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Spatial and temporal drivers of variation in tree hydraulic processes and their consequences for climate feedbacks

Active Dates 9/1/2022-8/31/2024
Program Area Environmental Systems Science
Project Description
Trees can cool the global climate by storing carbon during photosynthesis and can cool the local climate by pulling moisture out of the ground with their roots and releasing it from pores in their leaves as water vapor; a process known as transpiration.  Photosynthesis and transpiration generally increase when trees have access to sufficient water in the soil and decrease during dry periods when soil water is less abundant.  While we have a general understanding that these processes depend on soil moisture (and humidity), and that these relationships differ by tree species, less is known about how a tree’s past exposure to water stress affects its later response to water availability.  In this proposal, the investigators will study the water responses of trees growing in different positions across the landscape that afford different levels of access to water (e.g., hilltops vs. streamsides), as well as trees that have been deliberately exposed to different levels of reduced precipitation in recent years.  The research will focus on species growing in hardwood forests of northern and southern Indiana that have different levels of response to water stress.  How different are the water responses of individuals of the same species that have experienced different conditions?  How do the differences within a species compare to differences between species?  The researchers will develop ways to represent these within-species differences in model representations of trees, in order to more realistically simulate the functioning of trees within the land component of the E3SM climate model.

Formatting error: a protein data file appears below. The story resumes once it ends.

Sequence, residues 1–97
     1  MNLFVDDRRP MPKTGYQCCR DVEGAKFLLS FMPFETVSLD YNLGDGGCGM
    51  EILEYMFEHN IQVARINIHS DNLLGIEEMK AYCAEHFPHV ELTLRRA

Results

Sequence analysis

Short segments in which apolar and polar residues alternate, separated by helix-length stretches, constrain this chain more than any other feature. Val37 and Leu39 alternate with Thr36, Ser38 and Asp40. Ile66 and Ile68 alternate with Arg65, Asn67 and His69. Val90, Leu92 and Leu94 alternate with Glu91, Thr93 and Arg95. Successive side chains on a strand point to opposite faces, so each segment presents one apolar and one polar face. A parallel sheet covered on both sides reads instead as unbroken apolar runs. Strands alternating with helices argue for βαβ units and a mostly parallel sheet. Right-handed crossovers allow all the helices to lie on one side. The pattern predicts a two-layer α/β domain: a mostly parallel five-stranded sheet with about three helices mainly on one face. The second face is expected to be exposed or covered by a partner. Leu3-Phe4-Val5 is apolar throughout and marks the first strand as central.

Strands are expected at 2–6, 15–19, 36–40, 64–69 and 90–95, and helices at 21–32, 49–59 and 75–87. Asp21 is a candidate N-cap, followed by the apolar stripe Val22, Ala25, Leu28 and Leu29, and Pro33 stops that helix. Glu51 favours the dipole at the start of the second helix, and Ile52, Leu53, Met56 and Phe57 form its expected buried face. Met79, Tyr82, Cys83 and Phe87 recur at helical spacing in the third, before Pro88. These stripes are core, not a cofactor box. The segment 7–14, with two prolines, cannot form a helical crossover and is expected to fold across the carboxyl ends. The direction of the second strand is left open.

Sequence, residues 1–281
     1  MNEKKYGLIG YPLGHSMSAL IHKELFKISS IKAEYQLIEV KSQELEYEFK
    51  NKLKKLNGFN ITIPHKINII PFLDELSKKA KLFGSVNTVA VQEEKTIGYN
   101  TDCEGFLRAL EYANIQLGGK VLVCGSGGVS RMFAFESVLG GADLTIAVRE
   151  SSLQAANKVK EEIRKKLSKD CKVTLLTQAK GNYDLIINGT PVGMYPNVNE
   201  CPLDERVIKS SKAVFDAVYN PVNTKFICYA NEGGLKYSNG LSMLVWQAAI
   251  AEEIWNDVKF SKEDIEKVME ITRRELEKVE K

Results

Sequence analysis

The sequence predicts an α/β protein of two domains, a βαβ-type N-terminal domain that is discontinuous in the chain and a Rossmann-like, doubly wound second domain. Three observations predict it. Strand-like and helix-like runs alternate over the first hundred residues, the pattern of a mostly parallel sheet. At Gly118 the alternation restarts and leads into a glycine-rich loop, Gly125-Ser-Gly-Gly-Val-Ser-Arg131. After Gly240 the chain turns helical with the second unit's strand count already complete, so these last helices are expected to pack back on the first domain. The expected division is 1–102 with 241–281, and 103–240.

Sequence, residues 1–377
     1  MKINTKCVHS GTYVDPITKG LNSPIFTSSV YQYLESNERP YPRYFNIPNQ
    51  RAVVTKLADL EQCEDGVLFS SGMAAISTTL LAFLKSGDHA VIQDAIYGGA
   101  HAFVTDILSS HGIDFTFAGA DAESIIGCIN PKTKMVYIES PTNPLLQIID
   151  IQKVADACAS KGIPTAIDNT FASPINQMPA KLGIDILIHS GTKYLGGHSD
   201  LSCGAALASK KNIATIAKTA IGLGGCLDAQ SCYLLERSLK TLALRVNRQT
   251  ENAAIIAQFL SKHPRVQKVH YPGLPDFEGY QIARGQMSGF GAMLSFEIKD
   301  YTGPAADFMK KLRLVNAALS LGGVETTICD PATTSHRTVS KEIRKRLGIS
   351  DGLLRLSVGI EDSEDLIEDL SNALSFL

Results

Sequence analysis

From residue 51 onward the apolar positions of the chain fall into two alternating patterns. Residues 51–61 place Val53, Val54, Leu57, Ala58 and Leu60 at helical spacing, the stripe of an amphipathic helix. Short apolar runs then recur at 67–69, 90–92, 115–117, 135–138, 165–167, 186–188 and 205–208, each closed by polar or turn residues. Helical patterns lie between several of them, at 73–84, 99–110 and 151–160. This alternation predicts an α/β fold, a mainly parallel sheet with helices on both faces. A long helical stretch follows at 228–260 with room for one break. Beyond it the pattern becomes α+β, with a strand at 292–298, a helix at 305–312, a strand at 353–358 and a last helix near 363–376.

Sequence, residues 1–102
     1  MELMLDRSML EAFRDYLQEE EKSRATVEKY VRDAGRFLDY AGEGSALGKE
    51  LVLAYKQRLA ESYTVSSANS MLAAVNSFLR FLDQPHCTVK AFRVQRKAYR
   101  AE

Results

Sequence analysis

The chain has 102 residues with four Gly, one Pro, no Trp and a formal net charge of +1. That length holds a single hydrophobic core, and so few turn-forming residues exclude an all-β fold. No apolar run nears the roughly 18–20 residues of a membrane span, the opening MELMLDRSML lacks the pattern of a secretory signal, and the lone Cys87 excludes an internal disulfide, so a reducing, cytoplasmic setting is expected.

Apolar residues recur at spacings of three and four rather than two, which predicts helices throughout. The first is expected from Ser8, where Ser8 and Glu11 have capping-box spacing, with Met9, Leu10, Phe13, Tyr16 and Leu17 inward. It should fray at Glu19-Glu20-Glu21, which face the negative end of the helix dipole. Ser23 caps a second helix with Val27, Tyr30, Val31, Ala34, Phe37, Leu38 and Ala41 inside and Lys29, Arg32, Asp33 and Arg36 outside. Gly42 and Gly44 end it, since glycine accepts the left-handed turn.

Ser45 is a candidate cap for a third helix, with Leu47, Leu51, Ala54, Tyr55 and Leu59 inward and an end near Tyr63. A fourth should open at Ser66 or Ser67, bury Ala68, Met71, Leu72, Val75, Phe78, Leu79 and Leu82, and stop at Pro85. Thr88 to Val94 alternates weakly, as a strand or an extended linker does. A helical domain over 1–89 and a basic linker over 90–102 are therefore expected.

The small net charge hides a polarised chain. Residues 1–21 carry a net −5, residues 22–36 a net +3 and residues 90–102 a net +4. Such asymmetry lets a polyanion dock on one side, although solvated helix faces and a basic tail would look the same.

Award Recipient(s)
  • Carnegie Institution of Washington (PI: Dukes, Jeffrey)